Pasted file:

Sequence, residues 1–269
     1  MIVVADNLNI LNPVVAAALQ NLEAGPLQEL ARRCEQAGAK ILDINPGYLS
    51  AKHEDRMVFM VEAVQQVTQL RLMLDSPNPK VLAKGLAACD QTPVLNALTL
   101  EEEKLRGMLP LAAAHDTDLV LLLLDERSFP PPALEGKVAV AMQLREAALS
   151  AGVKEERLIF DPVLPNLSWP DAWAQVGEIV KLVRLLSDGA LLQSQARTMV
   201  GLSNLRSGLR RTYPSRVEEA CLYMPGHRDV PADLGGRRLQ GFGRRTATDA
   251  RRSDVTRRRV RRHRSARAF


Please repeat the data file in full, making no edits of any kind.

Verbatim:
Sequence, residues 1–269
     1  MIVVADNLNI LNPVVAAALQ NLEAGPLQEL ARRCEQAGAK ILDINPGYLS
    51  AKHEDRMVFM VEAVQQVTQL RLMLDSPNPK VLAKGLAACD QTPVLNALTL
   101  EEEKLRGMLP LAAAHDTDLV LLLLDERSFP PPALEGKVAV AMQLREAALS
   151  AGVKEERLIF DPVLPNLSWP DAWAQVGEIV KLVRLLSDGA LLQSQARTMV
   201  GLSNLRSGLR RTYPSRVEEA CLYMPGHRDV PADLGGRRLQ GFGRRTATDA
   251  RRSDVTRRRV RRHRSARAF